h1 = design(f);
hfvt.Filters = [h h1];
axis([0 1 -3 0.5])

It is also possible to only specify ripples in the passband or to only specify ripples in the stopband.

Minimum-Order Designs

Returning to the first design, instead of manually increasing the filter order to better approximate a brickwall filter, we can specify the desired shape and design a filter of minimum-order that meets such specifications. To specify the shape, in addition to the bandwidth BW and corresponding gain GBW, we specify a passband bandwidth BWp and corresponding gain Gp. It would also be possible to specify a stopband bandwidth and corresponding gain.

f = fdesign.parameq('F0,BW,BWp,Gref,G0,GBW,Gp',...
h = design(f,'butter');

Notice that we specified that we wanted a Butterworth (i.e. a maximally flat) design. If we allow for passband ripples, we can design a Chebyshev Type I filter instead.

h1 = design(f,'cheby1');
hfvt.Filters = [h h1];
legend(hfvt,'Butterworth Design','Chebyshev Type I Design', ...

In this case, the tradeoff occurs between ripples and filter order.

bord = order(h)  % Order of Butterworth design
cord = order(h1) % Order of Chebyshev Type I design
bord =


cord =


Lowpass and Highpass Shelving Filters

The filter's bandwidth BW is only perfectly centered around the center frequency F0 when such frequency is set to 0.5*pi (half the Nyquist rate). When F0 is closer to 0 or to pi, there is a warping effect that makes a larger portion of the bandwidth to occur at one side of the center frequency. In the edge cases, if the center frequency is set to 0 (pi), the entire bandwidth of the filter occurs to the right (left) of the center frequency. The result is a so-called shelving lowpass (highpass) filter.

f = fdesign.parameq('F0,BW,BWp,Gref,G0,GBW,Gp,Gst',...
    0, 0.3, 0.2, 0, 4, 2, 3.5, 0.5);
f1 = fdesign.parameq('F0,BW,BWp,Gref,G0,GBW,Gp,Gst',...
    1, 0.3, 0.2, 0, 4, 2, 3.5, 0.5);
h = design(f);
h1 = design(f1);
hfvt.Filters = [h h1];
legend(hfvt,'Lowpass Shelving Filter','Highpass Shelving Filter');

Specifying Low and High Frequencies

Because of the frequency warping mentioned above, in general it can be difficult to control the exact frequency edges at which the bandwidth occurs. To do so, an alternate specification can be used.

f = fdesign.parameq('N,Flow,Fhigh,Gref,G0,GBW,Gst',...
h = design(f);
hfvt.Filters = h;
hfvt.Legend = 'off';

Notice that the gain at 0.35*pi and 0.55*pi rad/sample is exactly -7 dB as specified.

Shelving Filters with a Variable Transition Bandwidth or Slope

One of the characteristics of a shelving filter is the transition bandwidth (sometimes also called transition slope) which may be specified by a shelf slope parameter S. The bandwidth reference gain GBW is always set to half the boost or cut gain of the shelving filter. All other parameters being constant, as S increases the transition bandwidth decreases, (and the slope of the response increases) creating a "slope rotation" around the GBW point as illustrated in the example below.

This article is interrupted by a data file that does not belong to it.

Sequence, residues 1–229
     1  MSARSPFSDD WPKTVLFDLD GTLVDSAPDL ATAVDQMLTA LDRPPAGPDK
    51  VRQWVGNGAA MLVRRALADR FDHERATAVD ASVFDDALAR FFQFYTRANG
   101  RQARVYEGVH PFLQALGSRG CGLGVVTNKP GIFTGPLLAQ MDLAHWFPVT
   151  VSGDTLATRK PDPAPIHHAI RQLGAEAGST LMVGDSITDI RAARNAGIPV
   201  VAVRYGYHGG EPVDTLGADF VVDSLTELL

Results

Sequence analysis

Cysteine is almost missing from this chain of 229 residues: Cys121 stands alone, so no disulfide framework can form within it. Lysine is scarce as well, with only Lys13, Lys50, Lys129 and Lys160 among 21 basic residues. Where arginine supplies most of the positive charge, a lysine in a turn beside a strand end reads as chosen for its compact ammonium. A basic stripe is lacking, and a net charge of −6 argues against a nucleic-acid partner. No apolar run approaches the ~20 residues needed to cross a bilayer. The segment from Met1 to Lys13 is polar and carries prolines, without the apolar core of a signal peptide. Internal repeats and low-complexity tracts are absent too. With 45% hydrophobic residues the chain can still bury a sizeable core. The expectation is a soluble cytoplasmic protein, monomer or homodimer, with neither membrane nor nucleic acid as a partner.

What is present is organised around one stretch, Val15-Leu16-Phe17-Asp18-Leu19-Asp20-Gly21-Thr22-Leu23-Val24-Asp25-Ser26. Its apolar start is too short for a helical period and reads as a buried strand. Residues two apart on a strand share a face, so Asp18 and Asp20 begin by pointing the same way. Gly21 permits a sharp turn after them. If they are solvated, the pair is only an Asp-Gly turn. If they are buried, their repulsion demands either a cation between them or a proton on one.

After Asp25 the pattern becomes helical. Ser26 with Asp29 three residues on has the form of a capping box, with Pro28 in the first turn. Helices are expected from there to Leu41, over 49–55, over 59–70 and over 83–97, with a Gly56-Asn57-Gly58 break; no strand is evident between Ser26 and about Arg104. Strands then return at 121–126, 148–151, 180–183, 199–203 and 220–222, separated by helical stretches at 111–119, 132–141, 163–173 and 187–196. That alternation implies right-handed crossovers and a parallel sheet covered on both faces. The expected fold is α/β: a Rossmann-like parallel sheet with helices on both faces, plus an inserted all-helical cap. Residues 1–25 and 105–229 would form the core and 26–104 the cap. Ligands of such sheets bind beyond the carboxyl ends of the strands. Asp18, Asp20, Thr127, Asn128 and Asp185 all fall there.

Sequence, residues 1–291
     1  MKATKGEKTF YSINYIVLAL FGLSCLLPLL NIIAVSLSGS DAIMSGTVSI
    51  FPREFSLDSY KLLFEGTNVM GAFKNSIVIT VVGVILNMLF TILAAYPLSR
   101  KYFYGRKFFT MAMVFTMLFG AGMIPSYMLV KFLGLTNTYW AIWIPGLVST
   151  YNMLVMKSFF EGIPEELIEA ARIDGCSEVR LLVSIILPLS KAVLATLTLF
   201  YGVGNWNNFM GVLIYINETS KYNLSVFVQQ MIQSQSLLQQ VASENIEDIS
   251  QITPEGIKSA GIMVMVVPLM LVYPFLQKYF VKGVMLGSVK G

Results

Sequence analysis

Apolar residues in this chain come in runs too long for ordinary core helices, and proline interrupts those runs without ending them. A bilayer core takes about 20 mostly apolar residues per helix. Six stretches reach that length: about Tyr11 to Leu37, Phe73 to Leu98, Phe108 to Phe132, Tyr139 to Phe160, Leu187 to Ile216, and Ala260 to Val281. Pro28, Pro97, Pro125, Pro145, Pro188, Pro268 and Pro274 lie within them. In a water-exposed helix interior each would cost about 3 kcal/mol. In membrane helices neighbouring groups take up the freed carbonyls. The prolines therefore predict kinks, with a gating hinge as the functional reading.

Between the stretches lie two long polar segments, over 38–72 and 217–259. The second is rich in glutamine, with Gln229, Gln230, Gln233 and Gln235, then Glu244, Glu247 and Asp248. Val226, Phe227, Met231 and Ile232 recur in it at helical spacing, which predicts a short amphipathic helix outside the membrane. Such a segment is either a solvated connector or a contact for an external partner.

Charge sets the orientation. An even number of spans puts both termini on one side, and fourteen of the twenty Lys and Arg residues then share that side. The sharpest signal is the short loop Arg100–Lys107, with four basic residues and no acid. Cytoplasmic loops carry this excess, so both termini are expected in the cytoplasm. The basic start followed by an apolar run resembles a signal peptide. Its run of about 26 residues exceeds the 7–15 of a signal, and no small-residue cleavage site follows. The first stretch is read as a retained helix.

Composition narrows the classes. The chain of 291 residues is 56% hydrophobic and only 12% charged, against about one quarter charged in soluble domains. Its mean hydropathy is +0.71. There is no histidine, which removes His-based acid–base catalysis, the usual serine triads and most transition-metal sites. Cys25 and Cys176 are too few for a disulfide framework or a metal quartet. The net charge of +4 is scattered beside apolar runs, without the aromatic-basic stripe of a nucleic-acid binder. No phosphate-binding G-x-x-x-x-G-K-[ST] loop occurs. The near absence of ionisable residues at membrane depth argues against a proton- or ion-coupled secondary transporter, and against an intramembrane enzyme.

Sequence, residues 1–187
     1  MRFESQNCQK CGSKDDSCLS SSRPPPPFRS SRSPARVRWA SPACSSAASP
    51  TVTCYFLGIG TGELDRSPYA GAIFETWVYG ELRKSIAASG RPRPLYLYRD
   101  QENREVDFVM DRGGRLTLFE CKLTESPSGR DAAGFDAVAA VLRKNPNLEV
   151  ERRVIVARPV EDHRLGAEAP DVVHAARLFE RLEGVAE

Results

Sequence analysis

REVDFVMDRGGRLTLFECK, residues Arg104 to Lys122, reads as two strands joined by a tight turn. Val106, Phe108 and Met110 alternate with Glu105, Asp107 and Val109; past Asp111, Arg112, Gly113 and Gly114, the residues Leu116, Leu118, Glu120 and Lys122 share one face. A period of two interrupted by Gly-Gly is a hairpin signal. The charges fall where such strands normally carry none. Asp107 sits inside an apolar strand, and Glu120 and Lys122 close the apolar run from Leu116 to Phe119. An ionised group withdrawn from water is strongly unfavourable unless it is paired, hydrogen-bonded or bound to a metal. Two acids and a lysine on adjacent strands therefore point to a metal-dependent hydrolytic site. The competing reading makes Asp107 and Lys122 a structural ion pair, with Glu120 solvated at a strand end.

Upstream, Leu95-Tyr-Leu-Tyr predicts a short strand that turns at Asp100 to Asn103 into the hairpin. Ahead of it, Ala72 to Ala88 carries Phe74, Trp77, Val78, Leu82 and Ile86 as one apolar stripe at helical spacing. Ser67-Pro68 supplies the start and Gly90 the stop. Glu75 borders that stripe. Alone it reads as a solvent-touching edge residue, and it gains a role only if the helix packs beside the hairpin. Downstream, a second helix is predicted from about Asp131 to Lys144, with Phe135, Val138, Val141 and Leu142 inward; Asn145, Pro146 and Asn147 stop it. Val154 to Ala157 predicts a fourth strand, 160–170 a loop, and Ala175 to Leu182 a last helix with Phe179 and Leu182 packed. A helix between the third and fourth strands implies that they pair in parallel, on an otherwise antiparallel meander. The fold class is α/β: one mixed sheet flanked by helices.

F0 = 0;  % F0=0 designs a lowpass filter, F0=1 designs a highpass filter
Fc = .2; % Cutoff Frequency
G0 = 10;
S = 1.5;
f = fdesign.parameq('N,F0,Fc,S,G0',N,F0,Fc,S,G0);
h1 = design(f);

f.S = 2.5;
h2 = design(f);

f.S = 4;
h3 = design(f);

hfvt.Filters = [h1 h2 h3];

The transition bandwidth and the bandwidth gain corresponding to each value of S can be obtained using the MEASURE method. We verify that the bandwidth reference gain GBW is the same for the three designs and we quantify by how much the transition width decreases when S increases.

m = measure([h1 h2 h3]);
ans = 


ans = 


As the shelf slope parameter S increases, the ripple of the filters also increases. We can increase the filter order to reduce the ripple while maintaining the desired transition bandwidth.

h1 = h3;

f.FilterOrder = 3;
h2 = design(f);

f.FilterOrder = 4;
h3 = design(f);

hfvt.Filters = [h1 h2 h3];
hold on
m = measure(h1);

The three responses intercept at the three points (marked with asterisks on the above figure) that respectively define the passband bandwidth, the bandwidth reference gain, and the stopband bandwidth. Hence, all three filters have the same transition width and bandwidth. Note however that the higher order filters have considerably less ripple.

Shelving Filters with a Prescribed Quality Factor

The quality factor Qa may be used instead of the shelf slope parameter S to design shelving filters with variable transition bandwidths.

F0 = 1;    % Highpass Shelving Filter
Fc = .3;
Qa = 0.48;
f = fdesign.parameq('N,F0,Fc,Qa,G0',N,F0,Fc,Qa,G0);
h1 = design(f);

f.Qa = 1/sqrt(2);
h2 = design(f);

f.Qa = 2.0222;
h3 = design(f);

hfvt = fvtool([h1 h2 h3],'Color','white');

Cascading Parametric Equalizers

Parametric equalizers are usually connected in cascade (in series) so that several are used simultaneously to equalize an audio signal. To connect several equalizers in this way, we use the CASCADE function.

f1 = fdesign.parameq('N,F0,BW,Gref,G0,GBW',2,.4,.2,0,5,5+10*log10(.5));
f2 = fdesign.parameq('N,F0,BW,Gref,G0,GBW',2,.6,.15,0,-5,-5-10*log10(.5));
h1 = design(f1);
h2 = design(f2);
hc = cascade(h1,h2);
hfvt.Filters = [h1 h2 hc];
legend(hfvt,'Second-Order Boost Filter','Second-Order Cut Filter',...
    'Cascade of the Two Filters');
axis([0 1 -5.2 5.2]);

Low-order designs such as the second-order filters above can interfere with each other if their center frequencies are closely spaced. Higher-order designs are less prone to such interference.

f1.FilterOrder = 8;
f2.FilterOrder = 8;
h3   = design(f1);
h4   = design(f2);
hc2  = cascade(h3,h4);
hfvt.Filters = [h3 h4 hc2];
legend(hfvt,'Eighth-Order Boost Filter','Eighth-Order Cut Filter',...
    'Cascade of the Two Filters','Location','NorthEast');

Complementary Peak and Notch Parametric Equalizers

Next we design a complementary pair of second order peak and notch parametric equalizers. Notice that because these filters are complementary, the cascaded response corresponds to an all-pass filter.

N  = 2;
F0 = 0.3;
Qa = 5;
Gref = 0;
G0 = 10;    % Boost Gain (dB)
f = fdesign.parameq('N,F0,Qa,Gref,G0',N,F0,Qa,Gref,G0);
h1 = design(f);

f.G0 = -10; % Cut Gain (dB)
h2 = design(f);
h3 = cascade(h1,h2);
hfvt.Filters = [h1 h2 h3];
axis([0 1 -10 10]);
legend(hfvt,'Peak parametric equalizer G0=10 dB', ...
            'Notch parametric equalizer G0=-10 dB','Cascaded responses')

Designing Traditional Filters

Traditional bandpass filters can be designed by setting the reference gain to negative infinity (dB), i.e. zero in absolute units. This example shows a minimum-order lowpass elliptic design with a given 3-dB point.

f = fdesign.parameq('F0,BW,BWp,Gref,G0,GBW,Gp,Gst',...
    0, 0.2, 0.19, -Inf, 0, 10*log10(0.5),-0.5, -85);
h = design(f);
hfvt.Filters = h;
hfvt.Legend = 'off';